Faced with a vacant singer slot in the band, Van Halen began brainstorming for a replacement. They considered recording an album using different singers on each song, then ultimately decided to maintain a group. One day, Eddie was getting his car fixed, and his auto mechanic, Claudio Zampolli, suggested he talk to singer Sammy Hagar. He spoke to Hagar right then from the mechanic's phone and invited him to jam with the band. Eddie had been a fan of Hagar's singing and songwriting when the singer fronted the band Montrose in the mid-1970s. They also worked with the same producer, Ted Templeman.
Soared with Second Singer
Hagar met with the band, rehearsed with them, and by the end of 1985, he became Van Halen's new singer. In the beginning, the new incarnation of Van Halen and Roth continued to talk about each other in the press. "One thing about Roth," Eddie told Steve Dougherty in People, "he's not half the singer Sammy is, but he is creative. I'm not slagging him about the music. Onstage he was fine. It was offstage that he made having a human relationship impossible."
Van Halen's first release with Hagar, 5150, was a huge success and became the band's first of several number-one albums. It included hit songs like, "Why Can't This Be Love," "Best of Both Worlds," and "Dreams." The group sold out every show on their 38-city tour, and constantly boasted about the strong bond between the members. "I don't know what it is about the guy," Alex said in Rolling Stone. "You could be having the worst day of your life, but you walk in and there's Sammy. And it just makes my day."
Eddie explained how Hagar freed up his songwriting options, too, in an interview with David Wild in Rolling Stone. "From the first second, Sammy could do anything I threw at him," he said. "I'm in heaven because now I can write whatever I want and not worry because Sammy can sing it all."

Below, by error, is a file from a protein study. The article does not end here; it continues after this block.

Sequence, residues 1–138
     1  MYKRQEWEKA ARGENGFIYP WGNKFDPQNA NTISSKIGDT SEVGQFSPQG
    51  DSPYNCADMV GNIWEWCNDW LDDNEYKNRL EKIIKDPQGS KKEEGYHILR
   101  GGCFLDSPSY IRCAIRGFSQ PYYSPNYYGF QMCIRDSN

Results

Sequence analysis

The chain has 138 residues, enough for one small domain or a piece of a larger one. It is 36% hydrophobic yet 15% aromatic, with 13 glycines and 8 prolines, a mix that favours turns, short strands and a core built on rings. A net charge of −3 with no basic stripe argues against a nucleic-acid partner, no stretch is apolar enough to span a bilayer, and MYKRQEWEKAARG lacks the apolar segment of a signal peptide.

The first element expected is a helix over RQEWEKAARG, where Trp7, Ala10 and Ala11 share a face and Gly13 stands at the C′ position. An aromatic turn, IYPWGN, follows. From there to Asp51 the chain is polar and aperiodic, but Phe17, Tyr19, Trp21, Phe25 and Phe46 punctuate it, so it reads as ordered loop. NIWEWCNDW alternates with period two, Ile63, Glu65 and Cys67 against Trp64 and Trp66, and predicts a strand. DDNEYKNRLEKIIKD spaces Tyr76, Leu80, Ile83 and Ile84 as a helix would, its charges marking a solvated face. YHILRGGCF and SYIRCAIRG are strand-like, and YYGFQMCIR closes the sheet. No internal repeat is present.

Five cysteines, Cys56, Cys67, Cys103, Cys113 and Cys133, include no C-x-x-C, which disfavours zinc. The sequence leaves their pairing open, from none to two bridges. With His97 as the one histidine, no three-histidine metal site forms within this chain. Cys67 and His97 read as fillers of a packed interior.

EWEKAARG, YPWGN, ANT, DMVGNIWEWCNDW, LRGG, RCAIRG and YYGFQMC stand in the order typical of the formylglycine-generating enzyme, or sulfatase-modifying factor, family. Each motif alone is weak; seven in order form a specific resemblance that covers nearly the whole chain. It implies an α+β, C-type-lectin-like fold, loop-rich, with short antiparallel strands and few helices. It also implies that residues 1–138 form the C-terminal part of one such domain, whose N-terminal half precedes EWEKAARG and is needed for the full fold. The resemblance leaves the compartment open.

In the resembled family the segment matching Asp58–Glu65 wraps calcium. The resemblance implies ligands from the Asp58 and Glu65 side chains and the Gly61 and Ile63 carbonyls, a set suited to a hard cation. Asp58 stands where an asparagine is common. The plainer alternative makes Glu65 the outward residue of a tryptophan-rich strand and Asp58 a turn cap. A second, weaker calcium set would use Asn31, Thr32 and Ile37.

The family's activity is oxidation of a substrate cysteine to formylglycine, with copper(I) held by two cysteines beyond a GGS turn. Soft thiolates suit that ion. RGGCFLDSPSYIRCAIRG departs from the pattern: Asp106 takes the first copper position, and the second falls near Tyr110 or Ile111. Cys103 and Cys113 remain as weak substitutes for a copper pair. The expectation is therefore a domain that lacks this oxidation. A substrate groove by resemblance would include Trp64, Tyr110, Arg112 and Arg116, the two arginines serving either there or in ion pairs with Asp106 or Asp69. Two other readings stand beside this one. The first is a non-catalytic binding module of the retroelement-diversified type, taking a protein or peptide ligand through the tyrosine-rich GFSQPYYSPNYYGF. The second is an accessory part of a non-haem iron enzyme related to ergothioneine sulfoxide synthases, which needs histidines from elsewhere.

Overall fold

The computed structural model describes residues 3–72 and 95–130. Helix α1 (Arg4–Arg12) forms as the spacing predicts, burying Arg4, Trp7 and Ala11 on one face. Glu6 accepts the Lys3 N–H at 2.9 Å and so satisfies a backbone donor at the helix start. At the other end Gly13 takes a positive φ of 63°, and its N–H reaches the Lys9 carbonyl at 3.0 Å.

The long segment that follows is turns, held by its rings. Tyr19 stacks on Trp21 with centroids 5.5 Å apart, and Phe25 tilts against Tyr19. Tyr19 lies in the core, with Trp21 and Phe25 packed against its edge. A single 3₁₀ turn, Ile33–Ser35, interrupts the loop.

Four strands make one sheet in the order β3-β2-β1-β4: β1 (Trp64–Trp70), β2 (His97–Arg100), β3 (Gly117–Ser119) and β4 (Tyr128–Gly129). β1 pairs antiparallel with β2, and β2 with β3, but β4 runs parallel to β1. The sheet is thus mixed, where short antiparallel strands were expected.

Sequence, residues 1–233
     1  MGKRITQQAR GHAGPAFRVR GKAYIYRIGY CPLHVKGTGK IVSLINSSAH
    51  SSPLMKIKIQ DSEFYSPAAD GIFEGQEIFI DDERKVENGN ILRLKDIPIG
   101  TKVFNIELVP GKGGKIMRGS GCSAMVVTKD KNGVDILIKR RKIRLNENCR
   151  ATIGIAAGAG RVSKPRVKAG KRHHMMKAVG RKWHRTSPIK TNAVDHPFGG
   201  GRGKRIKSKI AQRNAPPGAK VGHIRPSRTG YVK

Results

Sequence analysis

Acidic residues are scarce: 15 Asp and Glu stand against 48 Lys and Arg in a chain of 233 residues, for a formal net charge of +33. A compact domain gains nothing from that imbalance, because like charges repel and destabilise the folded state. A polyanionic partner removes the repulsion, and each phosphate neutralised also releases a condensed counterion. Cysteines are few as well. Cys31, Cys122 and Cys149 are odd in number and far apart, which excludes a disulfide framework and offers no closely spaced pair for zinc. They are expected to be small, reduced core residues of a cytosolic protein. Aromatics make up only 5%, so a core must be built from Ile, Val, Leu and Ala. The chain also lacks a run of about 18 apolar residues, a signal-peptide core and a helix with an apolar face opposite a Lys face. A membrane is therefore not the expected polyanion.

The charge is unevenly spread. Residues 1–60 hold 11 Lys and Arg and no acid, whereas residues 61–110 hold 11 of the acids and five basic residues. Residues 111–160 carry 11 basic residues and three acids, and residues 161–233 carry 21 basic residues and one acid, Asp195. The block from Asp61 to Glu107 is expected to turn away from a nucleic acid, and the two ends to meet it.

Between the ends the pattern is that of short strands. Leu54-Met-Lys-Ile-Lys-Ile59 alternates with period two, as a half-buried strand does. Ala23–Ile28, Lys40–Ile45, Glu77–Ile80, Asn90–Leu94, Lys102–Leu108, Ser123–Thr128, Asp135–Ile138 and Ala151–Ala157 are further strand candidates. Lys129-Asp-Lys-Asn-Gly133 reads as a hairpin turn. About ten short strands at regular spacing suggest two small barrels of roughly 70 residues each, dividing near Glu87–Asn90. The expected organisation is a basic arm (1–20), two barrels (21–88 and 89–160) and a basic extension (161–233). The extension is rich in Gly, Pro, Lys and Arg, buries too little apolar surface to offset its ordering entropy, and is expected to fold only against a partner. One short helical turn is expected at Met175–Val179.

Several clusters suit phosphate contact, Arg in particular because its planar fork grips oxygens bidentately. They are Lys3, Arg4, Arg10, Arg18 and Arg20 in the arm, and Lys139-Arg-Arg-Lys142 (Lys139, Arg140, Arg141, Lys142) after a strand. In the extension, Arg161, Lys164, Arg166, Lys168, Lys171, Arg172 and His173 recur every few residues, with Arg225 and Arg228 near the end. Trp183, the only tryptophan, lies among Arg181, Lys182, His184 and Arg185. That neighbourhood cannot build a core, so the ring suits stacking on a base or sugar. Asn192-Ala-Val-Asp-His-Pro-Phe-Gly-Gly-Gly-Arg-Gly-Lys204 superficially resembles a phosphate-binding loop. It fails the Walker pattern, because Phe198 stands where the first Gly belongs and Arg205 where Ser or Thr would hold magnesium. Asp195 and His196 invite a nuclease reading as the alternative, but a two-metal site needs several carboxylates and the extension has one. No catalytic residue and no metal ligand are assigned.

Van Halen released its second album with Hagar in 1988 called OU812. With tracks like, "Finish What Ya Started" and "When It's Love," the album quickly climbed to number one on Billboard's album charts. In the summer of that year, the group headlined the Monsters of Rock tour, which also included Metallica, Dokken, and the Scorpions.
After taking a couple of years off, Van Halen returned with a vengeance in 1991 with the harder-edged, number-one album For Unlawful Carnal Knowledge. The CD included the megahit "Right Now," which exposed the band to even wider audiences. "When we first cut 'Right Now,' I almost didn't add a guitar to it because it sounded great with just piano, bass, and drums," Eddie Van Halen told James Rotondi in Guitar Player. "It's not that I care less about the guitar, but the song as a whole means more to me."
Van Halen recorded a socio-political video to accompany the song, which was produced by Carolyn Mayer and directed by Mark Fenske. The video became one of the most requested videos on MTV, and won "Best Video," "Best Art Direction," and "Best Editing" at the MTV Video Music Awards.
In 1993, the band released a live album from the tour for For Unlawful Carnal Knowledge, which was called Van Halen Live: Right Here, Right Now. Later that year, their longtime manager, Ed Leffler, died of thyroid cancer. This tragic event sent the members of the group into a time of reflection, and eventually was referenced as the turning point that led to the next lineup change.